The odd world of Oscar goodie bags

Just what exactly does Bruce Willis do with a DrainWig plug?

Never mind the glamour, and the excitement of who will win the Best Actor and Best Actress gongs what the guests who attend the Academy Awards are really interested in is the annual ritual of opening up the Oscars' goodie bag, which is given to every nominee.

"Some amazing gifts... have made their way into the homes of the actors who frequent the Academy Awards or the houses of their publicist, car valet, or whoever else they offload the bag to," says Danny Walker on These "awesome-sounding presents" have included electronic gadgets, luxury products and even "all-expenses paid trips to Africa".

But, among these high-end freebies, there are still occasional bizarre options, says Walker: "products you didn't even know existed, let alone the type of tat" you'd expect to be thrust upon a Hollywood star.

Subscribe to MoneyWeek

Subscribe to MoneyWeek today and get your first six magazine issues absolutely FREE

Get 6 issues free

Sign up to Money Morning

Don't miss the latest investment and personal finances news, market analysis, plus money-saving tips with our free twice-daily newsletter

Don't miss the latest investment and personal finances news, market analysis, plus money-saving tips with our free twice-daily newsletter

Sign up

Previous gems have include vampire' facials (which apparently involve taking a patient's blood out of their arm and injecting it back into their face), as reportedly favoured by reality star Kim Kardashian, and Naked Condoms (a premium condom brand) .

This year was no exception. While the value of the goodie bag rose from 2013's $55,000 to an eye-watering $85,000, I suspect that quite a few of the giveaways will be re-gifted'.

The goodies, organised by a marketing company, and ranging in value from $6.49 to $16,000, include a DrainWig plug that prevents hair from getting caught in the shower plughole, Mane N Tail' horse shampoo worth $95, two Mace pepper-spray guns (a his'n'hers matching set) and perhaps the highlight $2,700 in gift vouchers for a procedure to stimulate a woman's sex drive, known as the O-Shot'.

As Emmeline Saunders puts it in Heat magazine: "What's Bruce Willis going to do with the DrainWig plug Does Meryl Streep really need two Mace pepper guns? And can you really see Idris Elba washing his beard in Mane N Tail Horse Shampoo?"

And spare a thought for poor Leonardo DiCaprio. Always the Academy Award bridesmaid, but never the bride, the star received his fourth Oscar nomination in 20 years for The Wolf of Wall Street, but missed out to Matthew McConaughey.

What's more, he didn't even get to play a part in the orgy of selfies', photobombs and pizza-guzzling that went on under the light-hearted influence of this year's host Ellen DeGeneres. Incensed, his fans took to Twitter to protest, with the hashtag Poor Leo' soon trending amid 40,000 tweets.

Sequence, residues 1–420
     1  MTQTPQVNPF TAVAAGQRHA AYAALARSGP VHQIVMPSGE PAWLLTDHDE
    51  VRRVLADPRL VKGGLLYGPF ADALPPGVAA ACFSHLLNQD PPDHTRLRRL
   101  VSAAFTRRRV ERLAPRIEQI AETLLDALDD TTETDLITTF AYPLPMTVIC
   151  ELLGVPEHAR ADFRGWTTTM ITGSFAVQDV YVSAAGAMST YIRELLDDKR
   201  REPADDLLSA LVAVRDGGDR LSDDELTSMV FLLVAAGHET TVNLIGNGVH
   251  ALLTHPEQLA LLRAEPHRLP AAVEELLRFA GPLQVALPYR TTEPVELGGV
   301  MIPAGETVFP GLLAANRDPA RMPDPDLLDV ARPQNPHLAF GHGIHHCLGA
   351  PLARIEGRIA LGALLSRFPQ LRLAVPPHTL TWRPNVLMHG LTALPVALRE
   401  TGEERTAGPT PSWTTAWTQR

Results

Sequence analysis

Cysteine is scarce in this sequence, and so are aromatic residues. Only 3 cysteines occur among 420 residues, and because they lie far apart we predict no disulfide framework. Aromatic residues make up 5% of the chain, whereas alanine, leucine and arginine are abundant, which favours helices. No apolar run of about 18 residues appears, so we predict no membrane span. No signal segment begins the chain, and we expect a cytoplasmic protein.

DiCaprio fans shouldn't worry, says Robbie Collin on Leo will get there in the end. Paul Newman was nominated seven times without winning, before receiving an honorary trophy in 1986 and eventually winning Best Actor in 1987, while Al Pacino walked away empty-handed for two decades before his 1993 win.

Poor Leo' will "have his moment soon enough" and no doubt, unlike us ordinary mortals, he can find himself a beautiful supermodel to console him in the interim.

Tabloid money: Royal Mail is 'a true privatisation disaster'

The speaker enjoyed luxury hotels, such as the five-star Langham Hotel in Auckland, during the 12-day trip last summer.

"Royal Mail's greedy owners are raising the price of stamps again, adding to the toll of a true privatisation disaster," says the Daily Mirror. First-class stamp prices will go up by 2p to 62p, second class by 3p to 53p.

"Not content with ripping off taxpayers by buying this long-established public service on the cheap, speculators are charging the public even more to send letters and birthday cards. For centuries the Royal Mail existed for the benefit of the public. Today it operates in the financial interests of avaricious owners."

Angela Merkel gave Britain a "clear vision" of what the EU is all about for her, writes German-born Labour MP Gisela Stuart in The Sun. "For her, it is delivering three promises peace, freedom and prosperity."

German and European interests "are one and the same. This has never been the case in the UK." Here, Prime Minister David Cameron has delivered a "wish-list" of EU reforms, "but he hasn't told us how he is going to get any of these".

Tory MP James Wharton, who initiated the EU referendum bill, has seen donations surge, says Daily Mirror columnist Kevin Maguire. His reward "may be gleaned from records £55,000 donated to him since he demanded a referendum, compared with £22,500 in the previous three years".